A Roast and A Rake

A roast and a rake? What could the two possibly have in common? One might consider family tradition. There are many legends about the ritual of cutting the ends off the roast before it is put into the pan for which the explanation is, “That’s the way my mother did it!’ Only to find out upon further investigation that the real reason is because that’s the only way it would fit into the pan!

One of such customs could be the raking of leaves. When the lawns begin to be covered with various shades of brilliant reds, yellows, and then crunchy brown leaves, many homewners may ” take on the rake.” Not really knowing why, but only that it has been done year after year in their family. Thus the tradition or personal choice is decided. Some of our research reveals this information:

  • Most lawns are going dormant in the fall anyway as temperatures drop and daylight fades. If you are not trying to maintain a lawn but a yard, the leaves provide nutrients.
  • Avoid a too-heavy, wet coat of leaves by not raking but mow when slightly damp after a dew. When the leaves are about the size of a quarter the leaves can stay on the ground and decompose more quickly to allow nutrients to seep into the soil.
  • You can use your leaves to supply organic fertilizer by raking them into loose piles, mixing in a few shovelfuls of soil and 20 to 30 gallons of water to aid in decomposition. Pull the leaves apart in the spring and spread.
  • To treat leaves as trash is environmentally foolish and finacially ruinous. Many municipalities encourage residents to rake leaves to the curb for protection, but before they are collected heavy rains often wash the leaves into catch basins. There they decompose and release phosphorus and nitrogen into the streams and rivers that flow through nearby communities. These excess nutrients contribute to algae blooms during the summer, which results in lower oxygen making it difficult for fish and other aquatic species to survive.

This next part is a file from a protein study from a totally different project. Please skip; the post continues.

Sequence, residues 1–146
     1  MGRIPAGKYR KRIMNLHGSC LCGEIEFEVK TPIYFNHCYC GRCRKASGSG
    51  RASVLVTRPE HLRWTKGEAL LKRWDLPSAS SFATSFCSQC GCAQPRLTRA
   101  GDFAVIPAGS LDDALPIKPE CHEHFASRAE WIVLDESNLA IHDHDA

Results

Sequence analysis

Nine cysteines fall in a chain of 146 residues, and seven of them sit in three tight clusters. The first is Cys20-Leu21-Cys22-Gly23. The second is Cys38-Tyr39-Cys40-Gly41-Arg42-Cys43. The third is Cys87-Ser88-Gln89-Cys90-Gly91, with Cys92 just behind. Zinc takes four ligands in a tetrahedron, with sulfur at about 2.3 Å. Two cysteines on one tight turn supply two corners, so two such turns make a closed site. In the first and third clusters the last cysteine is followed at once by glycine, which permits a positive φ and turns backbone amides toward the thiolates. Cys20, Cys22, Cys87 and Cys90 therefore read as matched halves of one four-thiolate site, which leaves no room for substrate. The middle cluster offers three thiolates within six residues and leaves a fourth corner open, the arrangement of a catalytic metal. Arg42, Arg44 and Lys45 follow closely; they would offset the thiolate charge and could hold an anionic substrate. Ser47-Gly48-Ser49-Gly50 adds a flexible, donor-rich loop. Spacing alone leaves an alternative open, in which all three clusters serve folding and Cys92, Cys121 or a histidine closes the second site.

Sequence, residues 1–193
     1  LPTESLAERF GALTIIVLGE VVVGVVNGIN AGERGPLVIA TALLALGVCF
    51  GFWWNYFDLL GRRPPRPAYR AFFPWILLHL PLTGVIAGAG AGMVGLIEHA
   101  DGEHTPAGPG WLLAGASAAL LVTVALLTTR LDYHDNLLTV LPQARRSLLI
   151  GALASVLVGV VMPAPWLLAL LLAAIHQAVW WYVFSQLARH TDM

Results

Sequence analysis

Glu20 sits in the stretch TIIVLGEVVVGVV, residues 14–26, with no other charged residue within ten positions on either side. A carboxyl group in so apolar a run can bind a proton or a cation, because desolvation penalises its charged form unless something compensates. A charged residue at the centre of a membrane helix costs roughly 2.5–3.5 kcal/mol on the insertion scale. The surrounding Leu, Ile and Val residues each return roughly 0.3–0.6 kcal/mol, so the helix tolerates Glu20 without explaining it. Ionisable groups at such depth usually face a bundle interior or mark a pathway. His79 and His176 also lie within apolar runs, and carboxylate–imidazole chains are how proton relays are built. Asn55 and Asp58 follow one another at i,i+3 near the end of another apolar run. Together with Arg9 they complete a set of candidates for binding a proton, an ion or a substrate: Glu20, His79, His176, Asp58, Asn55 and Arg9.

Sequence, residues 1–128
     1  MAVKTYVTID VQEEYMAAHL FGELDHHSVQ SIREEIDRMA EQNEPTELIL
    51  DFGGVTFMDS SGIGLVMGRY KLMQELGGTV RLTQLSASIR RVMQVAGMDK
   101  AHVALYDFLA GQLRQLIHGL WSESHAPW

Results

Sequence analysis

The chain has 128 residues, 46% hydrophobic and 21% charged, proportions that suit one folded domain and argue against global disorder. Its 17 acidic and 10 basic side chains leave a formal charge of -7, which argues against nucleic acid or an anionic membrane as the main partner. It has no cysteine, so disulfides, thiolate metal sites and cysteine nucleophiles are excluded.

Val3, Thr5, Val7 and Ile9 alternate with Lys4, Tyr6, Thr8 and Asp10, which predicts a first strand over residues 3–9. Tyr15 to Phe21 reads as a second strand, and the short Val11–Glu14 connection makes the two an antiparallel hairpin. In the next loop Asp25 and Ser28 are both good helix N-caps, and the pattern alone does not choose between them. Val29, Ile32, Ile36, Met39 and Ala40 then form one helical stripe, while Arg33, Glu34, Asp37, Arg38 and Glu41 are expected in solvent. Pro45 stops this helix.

• Thousands, even millions of dollars each year is spent to collect, transport, and process autumn leaves that could be used elsewhere in our communities.
  • By keeping the leaves on our properties, we will improve our gardens, save money, and enhance the environment.
  • It comes down to personal goals. If you are trying to maintain a lawn, leaves can mat up and basically cover it and could kill off portions. Of course some people like the look of keeping their lawn green which will ”make the rake” a necessity. Just make sure to discard of them responsibly.

Tonight as you sit with your family at your fall dinner table while enjoying your delicious roast, a topic of conversation might be, to rake or not to rake? Whatever your decision this fall season, we need to all consider savings, both environmental and financial. We at Family’s Tree Service, Inc. understand that. We are working on ways to ”be green” as well as now offering several payment plans to meet any budget. Call us today at 615 452- 3994 and talk to one of our representatives about how we may assist you in meeting your tree care needs. Have a happy fall!

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